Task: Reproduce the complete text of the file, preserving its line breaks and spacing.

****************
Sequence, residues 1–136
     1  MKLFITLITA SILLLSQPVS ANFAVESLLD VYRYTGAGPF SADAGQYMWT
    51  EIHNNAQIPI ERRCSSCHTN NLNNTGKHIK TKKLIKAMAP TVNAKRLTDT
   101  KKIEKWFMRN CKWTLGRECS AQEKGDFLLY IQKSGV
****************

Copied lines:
Sequence, residues 1–136
     1  MKLFITLITA SILLLSQPVS ANFAVESLLD VYRYTGAGPF SADAGQYMWT
    51  EIHNNAQIPI ERRCSSCHTN NLNNTGKHIK TKKLIKAMAP TVNAKRLTDT
   101  KKIEKWFMRN CKWTLGRECS AQEKGDFLLY IQKSGV